It’s a touchy subject in our household. Like everyone, I grew up in a household where I was a container for my parents’ expectations out of life. I recently found out that I have a fairly common sensory disorder that makes it hard for me to filter out other people’s unresolved business. The resentments, anger, tension and disappointments that Mum and Dad felt, I ended up feeling. Maybe this is the human condition but I have no way of comparing my sensitivity with yours. I can only recount my experience of becoming someone who felt she had the power to fix other people’s problems much to the annoyance of my nearest and dearest.

The Turkish word for parsley, “maydanoz” had come to define me. Just as Turkish chefs garnish every friggin’ dish with parsley much to the annoyance of diners, I felt the need to expand my energy into the business of everyone dishing out drama.

Why does parsley behaviour happen?

For me, it was years and years of trying to help Mum and Dad reconcile their differences. I am an optimist. I cling on to hope that people can see eye to eye, put away differences and work towards something bigger than themselves. I was at a loss as to how to make this happen for Mum and Dad. When anyone came to me with their relationship problems, I regressed to my childhood self trying to make peace between Mum and Dad. It was intense and personal for me and the other person? They often wanted me to back the hell off.

These days I’m working hard to recover from being parsley and in turn, am restoring parsley’s good name. Parsley is a wonderful herb with lots of health benefits. It is delicious in salads such as my special Turkish salad with other ingredients like onion, pomegranate and walnuts which balance and complement its flavour.

I also use parsley outside of the kitchen. I use it as a visual in a three-part meditation to achieve healthy relationships with the people around me so that my energy can energise others and come back to me as more stories to write, publish, grow.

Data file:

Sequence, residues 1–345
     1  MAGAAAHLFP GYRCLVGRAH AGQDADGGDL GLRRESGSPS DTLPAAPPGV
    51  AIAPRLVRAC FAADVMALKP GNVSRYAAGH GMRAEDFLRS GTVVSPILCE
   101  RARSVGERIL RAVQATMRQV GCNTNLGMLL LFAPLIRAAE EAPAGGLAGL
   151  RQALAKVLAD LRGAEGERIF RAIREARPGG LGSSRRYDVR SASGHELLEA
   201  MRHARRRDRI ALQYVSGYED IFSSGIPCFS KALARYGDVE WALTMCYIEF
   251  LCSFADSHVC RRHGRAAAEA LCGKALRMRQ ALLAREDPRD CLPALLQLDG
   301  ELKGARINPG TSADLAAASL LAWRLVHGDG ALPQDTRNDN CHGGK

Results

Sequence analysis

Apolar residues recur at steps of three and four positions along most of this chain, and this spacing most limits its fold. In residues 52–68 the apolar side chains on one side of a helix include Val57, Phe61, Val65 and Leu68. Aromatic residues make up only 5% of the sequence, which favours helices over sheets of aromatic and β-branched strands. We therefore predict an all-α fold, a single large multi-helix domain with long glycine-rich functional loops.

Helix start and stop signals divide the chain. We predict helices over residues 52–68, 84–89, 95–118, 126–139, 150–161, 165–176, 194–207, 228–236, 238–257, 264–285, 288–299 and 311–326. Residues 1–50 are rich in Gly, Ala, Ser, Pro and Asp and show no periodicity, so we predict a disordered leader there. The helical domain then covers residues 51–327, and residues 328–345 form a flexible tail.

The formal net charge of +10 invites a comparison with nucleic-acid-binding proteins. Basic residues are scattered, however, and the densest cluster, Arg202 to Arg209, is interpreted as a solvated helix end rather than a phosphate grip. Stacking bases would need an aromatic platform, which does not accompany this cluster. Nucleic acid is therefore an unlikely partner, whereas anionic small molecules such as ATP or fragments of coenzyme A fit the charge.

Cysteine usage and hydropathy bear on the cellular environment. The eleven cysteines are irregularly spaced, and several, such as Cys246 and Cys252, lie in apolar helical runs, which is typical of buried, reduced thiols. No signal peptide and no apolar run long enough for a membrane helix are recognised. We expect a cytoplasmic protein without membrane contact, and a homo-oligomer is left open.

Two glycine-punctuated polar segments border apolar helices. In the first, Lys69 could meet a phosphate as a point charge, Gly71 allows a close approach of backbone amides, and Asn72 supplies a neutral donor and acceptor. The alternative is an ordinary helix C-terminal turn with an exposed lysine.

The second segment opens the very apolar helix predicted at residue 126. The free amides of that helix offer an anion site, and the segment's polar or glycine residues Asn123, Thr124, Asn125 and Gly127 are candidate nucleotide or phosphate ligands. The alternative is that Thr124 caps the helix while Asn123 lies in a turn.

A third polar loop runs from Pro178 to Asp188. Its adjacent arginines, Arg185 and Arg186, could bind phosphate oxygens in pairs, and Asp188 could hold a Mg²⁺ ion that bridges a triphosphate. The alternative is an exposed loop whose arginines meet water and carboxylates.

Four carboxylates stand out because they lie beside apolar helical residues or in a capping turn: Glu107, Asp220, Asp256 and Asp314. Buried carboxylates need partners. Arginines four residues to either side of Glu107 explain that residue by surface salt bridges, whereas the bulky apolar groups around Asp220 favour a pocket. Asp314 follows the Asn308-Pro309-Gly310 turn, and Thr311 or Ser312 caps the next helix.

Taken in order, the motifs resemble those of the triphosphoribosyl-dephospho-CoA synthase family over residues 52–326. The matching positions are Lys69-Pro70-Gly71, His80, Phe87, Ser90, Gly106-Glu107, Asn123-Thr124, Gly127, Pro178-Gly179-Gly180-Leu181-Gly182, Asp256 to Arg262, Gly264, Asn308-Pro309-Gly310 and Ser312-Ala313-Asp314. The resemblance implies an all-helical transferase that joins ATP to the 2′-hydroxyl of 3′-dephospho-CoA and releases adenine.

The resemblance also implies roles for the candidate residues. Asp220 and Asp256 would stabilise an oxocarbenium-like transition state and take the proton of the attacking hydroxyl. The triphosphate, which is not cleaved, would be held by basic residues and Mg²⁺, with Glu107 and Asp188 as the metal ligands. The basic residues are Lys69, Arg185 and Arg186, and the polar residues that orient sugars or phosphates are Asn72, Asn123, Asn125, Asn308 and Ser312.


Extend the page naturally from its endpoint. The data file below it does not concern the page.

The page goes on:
As with every meditation, we start with taking a cleansing breath in, hold it for three seconds and release it to the count of three. I repeat this three times and we start the first step.

Abandon Judgment

The reason we meddle in others’ business is that deep down inside we believe that others are hopeless and cannot look after themselves. This is our ego tricking us that we are superior, more knowledgeable, stronger, and plain better than them.

Think of someone you may have judged in the past week.

For example, I judged a woman for taking medication for her mental illness. Now, remember that whatever you judge in others is actually something you reject about yourself. It may be that I secretly fear that sometimes I feel too depressed to get out of bed and wonder if anti-depressants can help me. Fortunately, it takes me about 10 minutes of journaling to get the life energy flowing in my body but I struggle, especially in the winter.

Bring the vision of this person into your mind’s eye and see whether you get any answers as to what this may be saying about how you’re being harsh on yourself.

Listen More

Stop and listen to this person you’re visualising.

What is he or she telling you?

In my case, this woman is telling me that she’s a responsible adult who has experienced life with and without medication and has weighed the pros, cons and talked to doctors she’s trusted. She’s a grown-up who is now thriving with an anti-depressant and that’s her choice for me to respect.

Figure Out Your Domain and Stick to It

In this final step of our meditation, we need to think about our strengths and expertise life has given us. In my case, I don’t have a degree in psychiatry and have no say in whether people should or shouldn’t take medication.

What am I?

A memoir writer who seeks to understand me.

It is my faith that through understanding and appropriately expressing my emotions in writing, I heal and give others the courage to express themselves.

I now look at this woman with mental health problems and hold space for her. I don’t need to give her advice. She’s got this. I am Eda, a writer and parsley is parsley and is delicious in a salad with onion, pomegranate and walnuts. I emerge from the meditation with a new understanding and feeling nourished as if I’ve just had a serving of salad, maybe.

Over to you…

Have you meddled in other people’s business over the years? What was the result?